Pamlico Community College leads all other NC Community Colleges in meeting or exceeding performance measure.

June 5, 2014

Dr,. Maria Fraser Molina, Vice president of Instructional Services is all smiles as she reviews a report trom the NC Community College System office in Raleigh. PCC was at the top of the state’s list in this category.

More important than good grades on a report card is the work that created those good grades.

Pamlico Community College was recently recognized by the North Carolina Community College System headquarters in Raleigh as being the only community college of the 58 institutions in the system to meet or exceed five specific goals that relate to creating an environment conducive for academic success for its students.

But, according to Dr. Marìa Fraser-Molina, vice president for instruction, the real story is not the report from the state, but the effort underway at the college that put PCC in such a favorable position compared to its 57 sister institutions.

“A concerted effort called our QEP, a Quality Enhancement Plan, is underway which addresses the success and retention of first-year students. The QEP is an extremely well-thought out strategic effort with three main focal points developed by the PCC faculty and staff.

“First we require all first-year students to take and pass an academic success class. The course prepares students to create a career inventory for themselves. They develop an academic transfer plan if they expect to transfer to a four year college or university and the course emphasizes developing good study skills, use of college resources, and time management.”

A second feature of the QEP is an intense emphasis on academic advising. She said, “We provide the best opportunities possible for students to complete their goals by providing them with excellent academic advising from faculty leaders. This is a key component of the effort to help students meet their goals”
A third part of the QEP is the mandatory requirement that all incoming students go through a detailed orientation process. “We offer Orientation online for those students who find it more practical to participate in the process that way,” she reported.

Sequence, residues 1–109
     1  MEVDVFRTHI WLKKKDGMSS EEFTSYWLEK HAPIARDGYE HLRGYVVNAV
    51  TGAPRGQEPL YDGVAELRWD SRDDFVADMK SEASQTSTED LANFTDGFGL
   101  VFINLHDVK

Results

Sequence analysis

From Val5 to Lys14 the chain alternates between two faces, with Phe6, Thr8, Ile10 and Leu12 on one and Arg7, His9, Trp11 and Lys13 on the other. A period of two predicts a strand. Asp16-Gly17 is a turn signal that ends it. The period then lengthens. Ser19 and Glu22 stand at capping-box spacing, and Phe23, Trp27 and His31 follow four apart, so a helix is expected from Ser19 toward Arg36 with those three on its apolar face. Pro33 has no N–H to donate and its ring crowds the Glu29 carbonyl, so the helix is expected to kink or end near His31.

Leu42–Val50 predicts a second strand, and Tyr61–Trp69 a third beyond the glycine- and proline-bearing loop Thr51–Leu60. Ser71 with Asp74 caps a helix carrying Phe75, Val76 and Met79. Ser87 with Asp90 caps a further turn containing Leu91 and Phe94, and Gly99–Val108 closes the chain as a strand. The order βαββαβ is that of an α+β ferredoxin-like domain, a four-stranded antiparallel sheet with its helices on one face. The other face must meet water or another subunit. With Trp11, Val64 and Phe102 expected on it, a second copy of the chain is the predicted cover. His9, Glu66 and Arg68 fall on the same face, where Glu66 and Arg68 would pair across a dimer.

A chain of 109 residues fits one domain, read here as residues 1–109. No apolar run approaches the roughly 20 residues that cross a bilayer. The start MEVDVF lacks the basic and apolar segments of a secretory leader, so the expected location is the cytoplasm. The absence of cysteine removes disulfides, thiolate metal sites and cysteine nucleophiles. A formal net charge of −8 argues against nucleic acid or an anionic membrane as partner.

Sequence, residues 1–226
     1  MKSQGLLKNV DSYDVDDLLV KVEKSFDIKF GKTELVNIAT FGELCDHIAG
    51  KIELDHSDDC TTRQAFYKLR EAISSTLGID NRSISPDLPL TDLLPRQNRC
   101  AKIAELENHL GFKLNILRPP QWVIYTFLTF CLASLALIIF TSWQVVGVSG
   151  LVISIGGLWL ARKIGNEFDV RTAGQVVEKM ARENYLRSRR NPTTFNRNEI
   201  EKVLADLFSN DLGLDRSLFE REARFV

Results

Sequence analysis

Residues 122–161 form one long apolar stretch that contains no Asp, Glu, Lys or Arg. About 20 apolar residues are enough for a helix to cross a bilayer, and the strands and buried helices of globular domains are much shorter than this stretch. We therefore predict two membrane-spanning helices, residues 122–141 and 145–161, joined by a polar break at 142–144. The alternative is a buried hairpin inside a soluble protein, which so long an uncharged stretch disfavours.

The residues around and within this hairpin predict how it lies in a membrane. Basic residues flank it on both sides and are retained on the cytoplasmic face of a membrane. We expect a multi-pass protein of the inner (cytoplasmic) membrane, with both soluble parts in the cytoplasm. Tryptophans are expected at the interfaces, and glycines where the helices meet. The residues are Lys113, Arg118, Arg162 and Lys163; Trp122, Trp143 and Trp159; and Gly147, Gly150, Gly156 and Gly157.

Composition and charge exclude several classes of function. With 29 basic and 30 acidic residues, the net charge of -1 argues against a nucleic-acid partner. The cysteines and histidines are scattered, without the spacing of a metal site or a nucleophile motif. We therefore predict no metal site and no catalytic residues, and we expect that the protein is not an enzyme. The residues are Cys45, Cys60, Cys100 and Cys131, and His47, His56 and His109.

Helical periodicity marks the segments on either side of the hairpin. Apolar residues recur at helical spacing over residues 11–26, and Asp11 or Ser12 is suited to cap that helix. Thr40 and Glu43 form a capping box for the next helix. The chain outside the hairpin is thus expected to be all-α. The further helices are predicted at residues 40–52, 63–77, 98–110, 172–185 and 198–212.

She added, “I am confident that Pamlico Community College exceeding expectations on these five performance measures is proof of our commitment to creating an environment for student success and academic excellence. We have a very clear bottom-line goal at the college and that is helping students successfully complete their educational goals.”

She also noted that these efforts are campus wide, not just focused on academic programs of study, but also on those programs that fall under the description of workforce development and career training.
Pamlico Community College was the leader in North Carolina’s Community College System by meeting or exceeding these five goals:

  • GED, High School Equivalency passing rate of 82%.
  • Success by students in developmental math classes, 78% of students who were required to take a developmental math class subsequently successfully completed a college level math class.
  • First year progression rate, 86% of students who enrolled in 12 semester hours their first year successfully completed 12 semester hours.
  • Curriculum completion rate, more than half of the students seeking credentials or degrees either graduated, * transferred, or were still enrolled.
  • Transfer performance, 100% of students who transferred to a four year institution earned a GPA of 2.0 or better after two semesters at that institution.

Dr. Fraser-Molina added, “While we are certainly overjoyed at this report, we are by no means taking any time to rest on our laurels. The college’s Quality Enhancement Plan is an ongoing, living, day-to-day endeavor. Each day brings a new opportunity for us to examine everything we are doing to see how we can do it better.”
Noting that Pamlico Community College is the smallest of the 58 community colleges in North Carolina, Brandi McCullough, Director of Planning, Research, and Institutional effectiveness, observed, “Small is good. Because we are small, we can more easily see what works and what doesn’t work and adapt accordingly.”
Commenting on the distinctive report from the North Carolina Community College system, PCC President Cleve H. Cox said, “It is truly an honor to be associated with a group of employees who obviously are committed to their jobs and those we serve. I am proud of each and every one of the fine folks who work at PCC.”